Websites and people in “the biz” like to throw around terms like “layflat album” without really exploring what that means. What are “layflat” pages? Should you pay extra for them? When?
“Book-style” or “Magazine-style” pages are just that – they are bound like books and have a “gutter”. If you leave them open on a table, you will see the pages curve up and then down into the spine in the middle. The inside edges of your pages are “swallowed” in the gutter, so you need to keep that in mind when editing. Each page is an individual entity. This style is common in lower-level DIY photobook companies, like Shutterfly or Snapfish.
“Layflat” pages do not have such a gutter (or it is extremely narrow). With the printing company I currently use, each two-page spread is actually printed on a single piece of photographic paper. In a 12×12″ album, that’s a 24×12″ photograph! This allows for much more creative flexibility when doing layouts. You can have extremely striking photos spread across the middle, giving them as much room as they need. There is still a slight crease in the gutter, so you’ll want to avoid placing people’s faces across the exact middle. This style is sometimes offered as an upgrade by the lower-level companies, and is standard for others.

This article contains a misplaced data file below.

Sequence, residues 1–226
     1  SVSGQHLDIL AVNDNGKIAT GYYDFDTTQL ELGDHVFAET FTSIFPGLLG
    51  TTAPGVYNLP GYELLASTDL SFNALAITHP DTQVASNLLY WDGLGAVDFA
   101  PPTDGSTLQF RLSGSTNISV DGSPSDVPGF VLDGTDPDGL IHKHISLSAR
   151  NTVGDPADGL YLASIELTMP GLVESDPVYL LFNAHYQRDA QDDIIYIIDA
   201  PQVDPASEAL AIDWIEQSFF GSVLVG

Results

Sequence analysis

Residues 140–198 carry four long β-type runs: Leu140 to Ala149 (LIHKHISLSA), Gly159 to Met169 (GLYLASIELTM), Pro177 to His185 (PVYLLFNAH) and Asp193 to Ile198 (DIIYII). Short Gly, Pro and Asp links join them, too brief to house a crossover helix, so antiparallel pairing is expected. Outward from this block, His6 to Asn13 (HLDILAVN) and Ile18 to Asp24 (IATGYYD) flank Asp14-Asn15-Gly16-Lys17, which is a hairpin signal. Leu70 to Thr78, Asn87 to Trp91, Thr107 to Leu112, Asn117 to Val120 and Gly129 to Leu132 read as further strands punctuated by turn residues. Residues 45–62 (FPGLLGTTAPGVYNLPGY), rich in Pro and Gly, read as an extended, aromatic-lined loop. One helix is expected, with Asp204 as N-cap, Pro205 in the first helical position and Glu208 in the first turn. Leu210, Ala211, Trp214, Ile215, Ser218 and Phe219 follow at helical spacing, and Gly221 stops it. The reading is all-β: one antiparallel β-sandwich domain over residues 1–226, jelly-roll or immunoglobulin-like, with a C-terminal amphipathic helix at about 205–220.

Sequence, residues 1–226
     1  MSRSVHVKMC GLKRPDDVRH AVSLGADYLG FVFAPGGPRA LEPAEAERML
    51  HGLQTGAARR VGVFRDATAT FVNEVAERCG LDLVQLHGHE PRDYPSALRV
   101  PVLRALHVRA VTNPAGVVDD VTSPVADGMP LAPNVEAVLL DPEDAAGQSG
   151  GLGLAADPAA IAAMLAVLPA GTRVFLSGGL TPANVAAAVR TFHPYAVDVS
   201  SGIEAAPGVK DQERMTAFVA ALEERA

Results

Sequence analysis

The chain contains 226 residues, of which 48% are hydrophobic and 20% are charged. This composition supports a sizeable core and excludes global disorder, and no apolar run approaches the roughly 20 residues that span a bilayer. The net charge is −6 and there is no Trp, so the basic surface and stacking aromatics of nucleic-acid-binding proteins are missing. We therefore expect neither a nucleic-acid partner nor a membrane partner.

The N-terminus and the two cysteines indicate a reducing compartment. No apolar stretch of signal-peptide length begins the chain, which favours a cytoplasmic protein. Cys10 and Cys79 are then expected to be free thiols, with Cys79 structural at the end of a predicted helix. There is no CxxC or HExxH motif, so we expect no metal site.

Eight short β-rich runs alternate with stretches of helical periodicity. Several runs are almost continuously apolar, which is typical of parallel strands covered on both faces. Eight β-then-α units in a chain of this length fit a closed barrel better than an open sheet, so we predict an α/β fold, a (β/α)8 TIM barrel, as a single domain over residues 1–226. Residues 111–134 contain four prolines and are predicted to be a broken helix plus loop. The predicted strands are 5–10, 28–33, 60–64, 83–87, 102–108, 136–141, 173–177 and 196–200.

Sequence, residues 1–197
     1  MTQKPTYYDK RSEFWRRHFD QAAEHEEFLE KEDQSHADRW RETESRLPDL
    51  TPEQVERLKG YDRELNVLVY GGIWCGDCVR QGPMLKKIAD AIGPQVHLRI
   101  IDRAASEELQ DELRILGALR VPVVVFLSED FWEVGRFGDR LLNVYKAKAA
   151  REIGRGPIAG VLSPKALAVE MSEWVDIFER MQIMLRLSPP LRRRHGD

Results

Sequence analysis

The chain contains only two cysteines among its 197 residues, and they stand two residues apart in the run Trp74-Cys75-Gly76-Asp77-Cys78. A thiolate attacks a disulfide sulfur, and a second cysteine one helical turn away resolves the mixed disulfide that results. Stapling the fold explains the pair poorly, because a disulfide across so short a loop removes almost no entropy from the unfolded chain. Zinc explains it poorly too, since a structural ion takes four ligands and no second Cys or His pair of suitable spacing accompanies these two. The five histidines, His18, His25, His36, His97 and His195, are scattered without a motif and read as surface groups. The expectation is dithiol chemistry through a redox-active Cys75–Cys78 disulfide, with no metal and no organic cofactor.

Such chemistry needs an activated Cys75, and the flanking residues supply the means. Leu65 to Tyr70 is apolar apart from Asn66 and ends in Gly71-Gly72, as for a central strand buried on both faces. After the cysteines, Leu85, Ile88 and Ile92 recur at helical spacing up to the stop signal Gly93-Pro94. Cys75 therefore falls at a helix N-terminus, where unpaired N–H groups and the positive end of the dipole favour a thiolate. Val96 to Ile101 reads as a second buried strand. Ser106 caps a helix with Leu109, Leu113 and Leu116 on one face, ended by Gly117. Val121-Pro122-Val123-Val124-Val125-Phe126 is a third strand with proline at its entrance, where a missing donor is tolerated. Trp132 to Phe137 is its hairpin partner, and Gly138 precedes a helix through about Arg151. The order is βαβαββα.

Layflat pages are usually thicker than usual as well, which lends a premium feel. They are thus less prone to bending and creasing. In fact, my one-year-old has been using and abusing her layflat alphabet book for five months, and it still looks brand new! Flush-mount albums, a higher-end variant, have pages mounted on stiff backing so they do not bend at all.
Different companies use different materials and binding techniques, so you may want to experiment before committing to a large album. You can also consult PhotoBookGirl’s website to see examples from various vendors.
Like so many other things, the binding you choose is a personal choice. I am a relatively recent convert to layflat. Having had the freedom to design across the entire spread, I now find it fairly limiting to constantly split my designs in half, and make sure nothing important is near the middle. However, there is a financial trade-off. Layflat albums are almost invariably more expensive, from a little to a lot.
If cost is a driving factor, you may need to save layflat albums for the “big events” – weddings, baby books, etc. But if you have the room in your budget at all, I would choose them whenever possible. They make a huge difference!
Here are some more examples of layouts that would have been impossible without layflat: